Lori Steinbach Certified Educator F. Scott Fitzgerald manages to define, praise, and condemn what is known as the American Dream in his most successful novel, The Great Gatsby. The novel is set inand it depicts the American Dream--and its demise--through the use of literary devices and symbols. One literary device he uses to depict the American Dream is motif; one motif is geography as represented by East and West Egg.
Early life and family background[ edit ] Zelda Sayre at 19, in dance costume Born in Montgomery, AlabamaZelda Sayre was the youngest of six children. The family was descended from early settlers of Long Islandwho had moved to Alabama before the Civil War.
Her great-uncle, John Tyler Morganserved six terms in the United States Senate ; her paternal grandfather edited a newspaper in Montgomery; and her maternal grandfather was Willis Benson Machenwho served a partial term as a U.
Newman Smith —Clothilde Sayre Mrs. John Palmer —and Lenora Sayrewho died of diphtheria at age two. As a child, Zelda Sayre was extremely active. She danced, took ballet lessons and enjoyed the outdoors.
She was bright, but uninterested in her lessons.
Her work in ballet continued into high school, where she had an active social life. She drank, smoked and spent much of her time with boys, and she remained a leader in the local youth social scene.
Why should all life be work, when we all can borrow? Scott Fitzgerald[ edit ] Main article: Scott Fitzgerald in Julywhen he had volunteered for the army, and was stationed at Camp Sheridan, outside Montgomery.
Scott began to call her daily, and came into Montgomery on his free days. He was so taken by Zelda that he redrafted the character of Rosalind Connage in This Side of Paradise to resemble her.
At the conclusion of This Side of Paradise, the soliloquy of the protagonist Amory Blaine in the cemetery, for example, is taken directly from her journal. There was allegedly discussion between the men of publishing it under the name of "The Diary of a Popular Girl".
In the ledger that he meticulously maintained throughout his life, Scott noted inon September 7, that he had fallen in love. Ultimately, she would do the same. Her biographer Nancy Milford wrote, "Scott had appealed to something in Zelda which no one before him had perceived: While he was there, the Armistice with Germany was signed.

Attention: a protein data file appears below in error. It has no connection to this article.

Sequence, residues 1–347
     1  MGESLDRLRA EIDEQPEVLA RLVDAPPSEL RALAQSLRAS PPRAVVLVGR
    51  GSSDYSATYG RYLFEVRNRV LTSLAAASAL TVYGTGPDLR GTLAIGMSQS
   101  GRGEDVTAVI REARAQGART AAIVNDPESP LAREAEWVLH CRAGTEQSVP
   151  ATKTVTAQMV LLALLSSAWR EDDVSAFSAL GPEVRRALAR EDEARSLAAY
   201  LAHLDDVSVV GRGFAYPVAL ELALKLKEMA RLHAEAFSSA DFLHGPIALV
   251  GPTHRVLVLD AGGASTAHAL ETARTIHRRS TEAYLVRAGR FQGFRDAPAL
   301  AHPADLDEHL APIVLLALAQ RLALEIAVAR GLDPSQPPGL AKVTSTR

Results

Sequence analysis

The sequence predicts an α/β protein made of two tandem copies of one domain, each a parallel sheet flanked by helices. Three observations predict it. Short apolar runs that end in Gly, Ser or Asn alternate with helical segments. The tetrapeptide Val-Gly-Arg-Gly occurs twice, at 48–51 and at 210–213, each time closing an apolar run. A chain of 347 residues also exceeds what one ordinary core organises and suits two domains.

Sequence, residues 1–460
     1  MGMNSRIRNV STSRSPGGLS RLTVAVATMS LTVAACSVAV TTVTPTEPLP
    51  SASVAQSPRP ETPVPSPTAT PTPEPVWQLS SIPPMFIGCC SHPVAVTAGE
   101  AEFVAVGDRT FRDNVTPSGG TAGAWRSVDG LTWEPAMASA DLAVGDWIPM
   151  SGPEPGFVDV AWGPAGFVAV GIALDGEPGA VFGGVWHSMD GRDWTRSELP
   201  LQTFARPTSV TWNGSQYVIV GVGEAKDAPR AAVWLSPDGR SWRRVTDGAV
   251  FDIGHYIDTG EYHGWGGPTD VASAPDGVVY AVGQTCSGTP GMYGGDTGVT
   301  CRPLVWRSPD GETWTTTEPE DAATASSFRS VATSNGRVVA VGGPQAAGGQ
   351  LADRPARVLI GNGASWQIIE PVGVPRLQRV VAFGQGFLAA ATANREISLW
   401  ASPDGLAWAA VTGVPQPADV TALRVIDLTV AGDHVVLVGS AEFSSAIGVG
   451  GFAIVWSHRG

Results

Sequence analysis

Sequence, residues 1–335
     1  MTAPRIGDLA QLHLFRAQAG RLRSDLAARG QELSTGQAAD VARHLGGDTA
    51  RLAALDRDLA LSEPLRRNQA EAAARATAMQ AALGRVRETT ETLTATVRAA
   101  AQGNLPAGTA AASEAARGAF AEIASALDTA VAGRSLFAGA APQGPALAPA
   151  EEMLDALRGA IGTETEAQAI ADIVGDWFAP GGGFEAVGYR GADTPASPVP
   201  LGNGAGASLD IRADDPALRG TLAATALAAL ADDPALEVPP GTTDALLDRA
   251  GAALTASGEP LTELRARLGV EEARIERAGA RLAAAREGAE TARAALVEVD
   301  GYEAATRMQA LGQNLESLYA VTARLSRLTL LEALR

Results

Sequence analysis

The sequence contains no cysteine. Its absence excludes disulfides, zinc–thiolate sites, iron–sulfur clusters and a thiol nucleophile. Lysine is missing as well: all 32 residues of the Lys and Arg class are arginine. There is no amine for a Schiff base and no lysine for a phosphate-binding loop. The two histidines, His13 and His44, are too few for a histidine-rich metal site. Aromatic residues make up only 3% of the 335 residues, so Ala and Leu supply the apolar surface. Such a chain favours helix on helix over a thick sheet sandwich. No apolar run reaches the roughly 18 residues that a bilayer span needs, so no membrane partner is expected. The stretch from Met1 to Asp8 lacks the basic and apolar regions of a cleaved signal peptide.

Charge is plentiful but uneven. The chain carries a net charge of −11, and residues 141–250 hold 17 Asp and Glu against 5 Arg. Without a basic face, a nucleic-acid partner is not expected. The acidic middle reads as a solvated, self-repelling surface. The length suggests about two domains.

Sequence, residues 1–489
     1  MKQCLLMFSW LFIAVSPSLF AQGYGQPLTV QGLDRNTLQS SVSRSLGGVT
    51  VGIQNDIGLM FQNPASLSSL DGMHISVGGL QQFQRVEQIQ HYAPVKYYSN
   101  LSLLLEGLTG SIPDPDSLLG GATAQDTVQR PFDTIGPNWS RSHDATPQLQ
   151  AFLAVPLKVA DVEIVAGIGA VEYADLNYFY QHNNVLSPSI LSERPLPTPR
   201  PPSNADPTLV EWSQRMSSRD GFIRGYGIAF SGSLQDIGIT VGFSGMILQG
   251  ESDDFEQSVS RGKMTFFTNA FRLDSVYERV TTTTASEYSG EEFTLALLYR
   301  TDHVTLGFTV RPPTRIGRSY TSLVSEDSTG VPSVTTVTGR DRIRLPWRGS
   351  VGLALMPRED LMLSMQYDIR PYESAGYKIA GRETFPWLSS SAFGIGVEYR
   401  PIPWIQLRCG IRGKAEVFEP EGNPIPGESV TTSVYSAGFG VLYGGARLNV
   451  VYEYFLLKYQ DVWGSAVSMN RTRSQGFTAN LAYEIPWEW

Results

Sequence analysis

He then returned to the base near Montgomery, and by December they were inseparable. Scott would later describe their behavior as "sexual recklessness. When he heard the novel had been accepted, Scott wrote to his editor Maxwell Perkinsurging an accelerated release: Zelda agreed to marry him once the book was published;  he, in turn, promised to bring her to New York with "all the iridescence of the beginning of the world.
They were ordered to leave both the Biltmore Hotel and the Commodore Hotel for their drunkenness. When Dorothy Parker first met them, Zelda and Scott were sitting atop a taxi.
Parker said, "They did both look as though they had just stepped out of the sun; their youth was striking. Everyone wanted to meet him. Publicly, this meant little more than napping when they arrived at parties, but privately it increasingly led to bitter fights.
Paul, Minnesota to have the baby.
Then ask if there are any eggs, and if so try and persuade the cook to poach two of them. It is better not to attempt toast, as it burns very easily. Also, in the case of bacon, do not turn the fire too high, or you will have to get out of the house for a week.Jazz Age author F.
Scott Fitzgerald was quintessentially American. Learn about his upbringing, "The Great Gatsby," and his untimely death in this video. In the middle of the roaring ’s, author F. Scott Fitzgerald published The Great Gatsby, examining the fight for the American dream in the lives of his characters in New York.
Fitzgerald illustrates for the reader a picture of Gatsby’s struggle to obtain the approval and . F.
Scott Fitzgerald manages to define, praise, and condemn what is known as the American Dream in his most successful novel, The Great Gatsby. The novel is set in , and it depicts the American. The Characters of F.
Scott Fitzgerald's The Great Gatsby In The Great Gatsby, by F. Scott Fitzgerald, the main characters Tom and Gatsby are both similar and different in their attitudes and their status. A collection of F. Scott and Zelda Fitzgerald's scrapbooks of photographs and reviews was compiled by Bruccoli and F.
Scott and Zelda's daughter Frances "Scottie" Fitzgerald (as Scottie Fitzgerald Smith) in a book The Romantic Egoists ().
F. Scott Fitzgerald A Review of F. Scott Fitzgerald’s “The Great Gatsby” to the bone for a lot of people — it may have been that Fitzgerald, who was a bit of a socialite himself, was.